Impending Doom

        Impending doom crept into my being when I was very young. The fact is, probably when I was born and as I grew bigger, it grew worse all the way into adulthood.  It has caused a terrific amount of pain and I’ve lost many hours to it. I’ve said numerous times, this has got to stop but the demon did not stop.

It came from my mother, who was born to an unwed woman in 1908 and was raised in several foster homes. Never knowing her mother or father she searched for years trying to locate them and the parental love she never got.

Her tragedy was my reward and my terrible demon.

My reward?  My Mothers lack of parents helped her become a loving mother. The demon was that my mother was a control freak.

She always feared something bad had happened if I were just minutes late.She had to control absolutely everything.

As a result, all of my life, I also feared something bad had happened to my kids if I didn’t hear from them regularly.

That fear would cause worry and my imagination would run always to the negative, to the worst happenings and then I would obsess on that fear.

Impending doom stole hours of peace and replaced that with worry. I recall one time my mother was supposed to be home at a certain time and she didn’t show up. I was probably 10 years old at the time.

When she came home, it seemed like she was an hour late when in reality it was probably twenty minutes. I freaked out and started yelling and crying. I told her all the bad things I had been thinking and imagined and she told me not to worry because she was home, safe and sound. I can’t recall if she apologized or if my first session with impending doom caused her to think about her problem with the gloom of doom or not. The impending doom didn’t end. . .it grew.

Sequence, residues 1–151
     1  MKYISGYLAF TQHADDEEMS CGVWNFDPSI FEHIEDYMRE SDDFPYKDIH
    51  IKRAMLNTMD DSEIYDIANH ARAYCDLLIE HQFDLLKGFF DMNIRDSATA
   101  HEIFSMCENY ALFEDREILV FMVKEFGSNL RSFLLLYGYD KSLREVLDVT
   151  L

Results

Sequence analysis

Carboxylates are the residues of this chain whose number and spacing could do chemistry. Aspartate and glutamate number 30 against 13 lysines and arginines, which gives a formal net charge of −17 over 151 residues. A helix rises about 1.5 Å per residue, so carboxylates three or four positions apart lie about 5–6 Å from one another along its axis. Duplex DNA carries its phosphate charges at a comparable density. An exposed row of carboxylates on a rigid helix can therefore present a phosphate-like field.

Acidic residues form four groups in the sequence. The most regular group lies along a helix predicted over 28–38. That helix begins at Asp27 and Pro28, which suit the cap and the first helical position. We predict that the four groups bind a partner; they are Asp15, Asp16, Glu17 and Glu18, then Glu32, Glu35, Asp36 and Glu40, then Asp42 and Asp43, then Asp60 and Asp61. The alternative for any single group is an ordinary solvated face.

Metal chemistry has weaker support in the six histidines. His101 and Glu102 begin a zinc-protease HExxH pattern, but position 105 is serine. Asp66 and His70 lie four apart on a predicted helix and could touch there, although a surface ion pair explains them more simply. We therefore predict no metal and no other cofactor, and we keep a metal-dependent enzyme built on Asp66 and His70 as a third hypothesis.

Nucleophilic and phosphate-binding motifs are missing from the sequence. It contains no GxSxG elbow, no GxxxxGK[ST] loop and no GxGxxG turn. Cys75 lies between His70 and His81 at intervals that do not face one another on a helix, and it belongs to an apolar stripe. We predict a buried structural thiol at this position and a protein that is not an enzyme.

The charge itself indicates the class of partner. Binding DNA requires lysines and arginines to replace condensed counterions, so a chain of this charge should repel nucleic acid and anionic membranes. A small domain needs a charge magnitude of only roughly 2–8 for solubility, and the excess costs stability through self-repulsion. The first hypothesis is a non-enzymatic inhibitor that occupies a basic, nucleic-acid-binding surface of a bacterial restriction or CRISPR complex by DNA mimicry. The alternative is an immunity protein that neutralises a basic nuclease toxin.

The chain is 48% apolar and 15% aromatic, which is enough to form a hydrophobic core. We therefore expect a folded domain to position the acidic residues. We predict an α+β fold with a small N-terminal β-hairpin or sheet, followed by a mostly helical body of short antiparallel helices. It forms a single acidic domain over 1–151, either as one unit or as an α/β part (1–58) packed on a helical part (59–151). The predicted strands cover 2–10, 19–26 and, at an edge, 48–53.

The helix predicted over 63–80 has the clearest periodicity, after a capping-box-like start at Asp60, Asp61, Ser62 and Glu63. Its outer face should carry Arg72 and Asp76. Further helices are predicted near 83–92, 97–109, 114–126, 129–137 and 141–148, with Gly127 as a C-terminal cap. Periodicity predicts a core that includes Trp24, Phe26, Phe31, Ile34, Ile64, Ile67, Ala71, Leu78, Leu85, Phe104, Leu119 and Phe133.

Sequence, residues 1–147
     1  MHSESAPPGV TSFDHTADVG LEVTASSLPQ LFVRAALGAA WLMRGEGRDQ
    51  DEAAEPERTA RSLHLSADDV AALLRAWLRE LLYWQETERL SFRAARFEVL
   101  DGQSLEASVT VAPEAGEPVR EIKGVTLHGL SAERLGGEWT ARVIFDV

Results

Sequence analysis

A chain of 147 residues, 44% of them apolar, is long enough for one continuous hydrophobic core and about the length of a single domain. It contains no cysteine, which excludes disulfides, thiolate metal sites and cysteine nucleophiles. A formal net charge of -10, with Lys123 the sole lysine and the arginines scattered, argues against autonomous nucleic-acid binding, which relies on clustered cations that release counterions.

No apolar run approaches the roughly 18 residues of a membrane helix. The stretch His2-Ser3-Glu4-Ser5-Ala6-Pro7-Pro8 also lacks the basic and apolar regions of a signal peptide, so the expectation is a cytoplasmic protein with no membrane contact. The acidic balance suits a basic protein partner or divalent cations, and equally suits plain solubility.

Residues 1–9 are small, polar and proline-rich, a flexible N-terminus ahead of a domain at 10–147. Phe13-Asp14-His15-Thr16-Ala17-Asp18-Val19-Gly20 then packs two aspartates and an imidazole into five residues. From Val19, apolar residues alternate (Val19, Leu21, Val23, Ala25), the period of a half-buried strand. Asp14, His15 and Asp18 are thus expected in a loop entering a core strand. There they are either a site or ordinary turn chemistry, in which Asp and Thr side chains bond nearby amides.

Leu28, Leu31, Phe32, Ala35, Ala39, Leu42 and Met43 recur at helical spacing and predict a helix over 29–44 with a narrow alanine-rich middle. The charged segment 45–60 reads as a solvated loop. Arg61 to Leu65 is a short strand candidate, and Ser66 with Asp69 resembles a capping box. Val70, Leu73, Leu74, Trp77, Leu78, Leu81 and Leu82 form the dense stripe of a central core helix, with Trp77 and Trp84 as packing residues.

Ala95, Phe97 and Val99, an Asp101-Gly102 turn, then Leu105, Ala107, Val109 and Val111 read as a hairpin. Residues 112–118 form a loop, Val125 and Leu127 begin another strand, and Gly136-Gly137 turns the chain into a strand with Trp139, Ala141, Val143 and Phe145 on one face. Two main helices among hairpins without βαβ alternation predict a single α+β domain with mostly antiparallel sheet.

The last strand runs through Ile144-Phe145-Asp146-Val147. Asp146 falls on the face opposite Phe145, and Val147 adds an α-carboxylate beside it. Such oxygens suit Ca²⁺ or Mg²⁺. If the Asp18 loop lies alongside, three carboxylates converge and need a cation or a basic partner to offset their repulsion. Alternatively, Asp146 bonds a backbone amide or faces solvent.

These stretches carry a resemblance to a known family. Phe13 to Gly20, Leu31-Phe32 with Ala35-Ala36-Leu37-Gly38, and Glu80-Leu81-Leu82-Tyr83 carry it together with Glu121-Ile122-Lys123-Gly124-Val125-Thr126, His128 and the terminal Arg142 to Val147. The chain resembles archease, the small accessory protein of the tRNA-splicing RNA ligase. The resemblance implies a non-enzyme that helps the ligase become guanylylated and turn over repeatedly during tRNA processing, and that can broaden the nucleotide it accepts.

I joined the army in an effort to get away from the doom. I didn’t get away from it. I married and was father to three children. The doom grew stronger and seemed to affect my daughter most of all, probably because I raised her from the time she was six years-old.

I struggle with the feeling, the belief, that life is always going to end in doom until I realize that only I can change that.

I, with the help of God.

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 Jerry writes on personal growth, happiness and life, including lowering stress in the work world. His book “Life is a Joke and God Wrote it” can be ordered through www.jerrystanecki.com

©Stanecki 2018

If you enjoy reading this blog please tell your friends and everybody else about this blog.

Thanks, Jerry

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The Secret: Enjoy the journey and have faith